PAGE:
Is Universalism our Personal Default Setting?
I have an educated hunch that something inside us all wants to believe that better things are ahead for us. Is this mere wishful thinking, as a reaction to the pains and frustrations of human life? Or is it something deeper, more “real?”
In saying “better things are ahead” I mean in the “next life,” either as an eternal state or a step in the evolution of the soul. I believe it is more than hope and does come from a deep, perhaps always-abiding place within us. In this brief essay I won’t go into the evidences from various angles that lead me to believe this. (In other words, there is more to go on than mere intuition.) Rather, let me ask you about your hunches and beliefs and discuss the Christian concepts that either support or oppose the idea of everyone having an eternal destiny that is at least positive and appealing on some level — that is, not hell.
Incidentally, the Western concept of hell comes only partially from the Bible. The Hebrew Scriptures speak only of a vague underworld after death, and Judaism seemingly (to an outsider) has remained open or ambiguous about the afterlife in general. The Greek Scriptures (New Testament, written in Greek) contain more about the subject, including some statements attributed to Jesus, but they do leave room for debate. One can glimpse a small part of the debate over universalism, eternal punishment and related matters around the blogosphere lately, with the stir over Rob Bell‘s just-released book, Love Wins.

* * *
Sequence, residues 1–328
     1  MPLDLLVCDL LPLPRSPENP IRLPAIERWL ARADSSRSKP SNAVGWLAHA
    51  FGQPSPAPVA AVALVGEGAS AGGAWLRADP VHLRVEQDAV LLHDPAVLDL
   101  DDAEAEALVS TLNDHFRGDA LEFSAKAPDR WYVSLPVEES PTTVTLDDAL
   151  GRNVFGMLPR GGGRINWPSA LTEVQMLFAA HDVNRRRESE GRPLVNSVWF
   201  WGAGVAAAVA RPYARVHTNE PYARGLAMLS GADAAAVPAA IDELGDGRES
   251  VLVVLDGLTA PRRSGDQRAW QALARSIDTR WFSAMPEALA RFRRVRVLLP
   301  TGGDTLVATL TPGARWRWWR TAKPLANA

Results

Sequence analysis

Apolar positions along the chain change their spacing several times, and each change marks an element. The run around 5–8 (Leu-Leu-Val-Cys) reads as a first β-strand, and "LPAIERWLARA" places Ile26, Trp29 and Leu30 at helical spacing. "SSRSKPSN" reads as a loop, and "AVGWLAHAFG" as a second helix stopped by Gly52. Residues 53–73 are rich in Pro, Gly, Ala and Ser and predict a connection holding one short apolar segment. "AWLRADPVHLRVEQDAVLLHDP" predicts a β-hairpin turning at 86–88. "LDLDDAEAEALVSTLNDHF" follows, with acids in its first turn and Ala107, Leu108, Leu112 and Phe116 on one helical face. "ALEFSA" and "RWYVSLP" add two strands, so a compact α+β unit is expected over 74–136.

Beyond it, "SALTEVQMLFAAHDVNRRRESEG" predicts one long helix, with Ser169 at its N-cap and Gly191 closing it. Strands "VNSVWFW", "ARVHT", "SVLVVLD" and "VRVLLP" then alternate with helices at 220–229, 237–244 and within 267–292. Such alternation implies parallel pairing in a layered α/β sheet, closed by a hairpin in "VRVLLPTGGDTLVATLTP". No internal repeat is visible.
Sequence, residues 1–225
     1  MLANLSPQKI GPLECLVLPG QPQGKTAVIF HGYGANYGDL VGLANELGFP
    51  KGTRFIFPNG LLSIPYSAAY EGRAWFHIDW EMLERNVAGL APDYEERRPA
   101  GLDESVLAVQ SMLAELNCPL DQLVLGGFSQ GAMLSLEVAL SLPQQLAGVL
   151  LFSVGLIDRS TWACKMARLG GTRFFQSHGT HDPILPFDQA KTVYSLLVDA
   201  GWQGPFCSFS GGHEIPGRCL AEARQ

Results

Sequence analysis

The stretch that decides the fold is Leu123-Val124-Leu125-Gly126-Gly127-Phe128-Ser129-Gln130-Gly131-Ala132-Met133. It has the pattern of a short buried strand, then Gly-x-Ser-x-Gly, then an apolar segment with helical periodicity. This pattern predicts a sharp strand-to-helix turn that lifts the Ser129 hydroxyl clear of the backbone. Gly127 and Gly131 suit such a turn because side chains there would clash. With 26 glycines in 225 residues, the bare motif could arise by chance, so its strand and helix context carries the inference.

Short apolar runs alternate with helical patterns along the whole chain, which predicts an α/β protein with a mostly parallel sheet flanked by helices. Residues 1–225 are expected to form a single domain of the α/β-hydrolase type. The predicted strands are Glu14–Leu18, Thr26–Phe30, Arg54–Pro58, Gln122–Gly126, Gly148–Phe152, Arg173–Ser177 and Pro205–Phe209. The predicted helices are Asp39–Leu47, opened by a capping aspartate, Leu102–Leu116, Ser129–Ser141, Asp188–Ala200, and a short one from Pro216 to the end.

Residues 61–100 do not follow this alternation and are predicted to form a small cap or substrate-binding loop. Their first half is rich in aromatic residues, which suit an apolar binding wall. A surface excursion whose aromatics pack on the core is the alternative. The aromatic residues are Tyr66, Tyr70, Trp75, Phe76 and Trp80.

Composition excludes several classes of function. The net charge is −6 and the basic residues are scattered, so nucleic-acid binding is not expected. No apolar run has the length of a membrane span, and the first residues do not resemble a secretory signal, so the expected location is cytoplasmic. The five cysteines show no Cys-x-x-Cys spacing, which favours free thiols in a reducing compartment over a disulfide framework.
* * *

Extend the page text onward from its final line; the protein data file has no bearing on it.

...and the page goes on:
The source of the predominant theology of Christianity, the Apostle Paul, speaks much of individual salvation and often in terms of being chosen (“elect”) for life with God eternally, or not. (I phrase it that way to avoid it sounding like Paul said God makes predestination “double” — choosing some for glorification and some for perdition — a concept most Calvinists [a large, influential group I won’t here describe] are at pains to disavow, for understandable but questionable reasons, logically). Suffice it to say that the Bible leaves much room for differing interpretations regarding the afterlife and possible eternal punishment for unbelievers or evil doers.
The unclear and open points have been filled in variously over the centuries, but it is significant that official dogma (institutional or otherwise influential) of most of traditional or conservative Christianity still affirms eternal punishment. And those independent-minded Christians who deny it and may hold some form of universal salvation are generally not clear or consistent on how that can fit with other key Chrisitan doctrines, particularly the atoning death of Christ and the need to accept that by faith.
I won’t now go further into detail on the biblical statements and how they have generally led Christians to hold to views of eternal punishment other than this observation and question: Might it not be that concepts of rejection by God, often tied to “hell” or extreme (perhaps eternal) punishment are invoked by biblical writers in the midst of passionate feelings about the injustice of someone’s actions or the wrongness of their teachings (vs. the rightness of the writer’s)? Why do we tell someone to “go to hell?” Maybe there is a connection… maybe extreme frustration or anger and desire for revenge, sometimes simmering deeply as well as boiling over, or even the more seemingly noble motive of “retributive” justice for someone wronged, originally prompted the ideas of eternal punishment and people down through history have actually found it somehow comforting to think that truly horrendous criminals, or even people who have just deeply hurt them would indeed be bound for such a fate. Maybe it’s a disturbing but also somehow comforting dogma — one that people would rather leave in place than consistently, logically and compassionately challenge.
How about you? What are your views and how have you arrived at or changed them?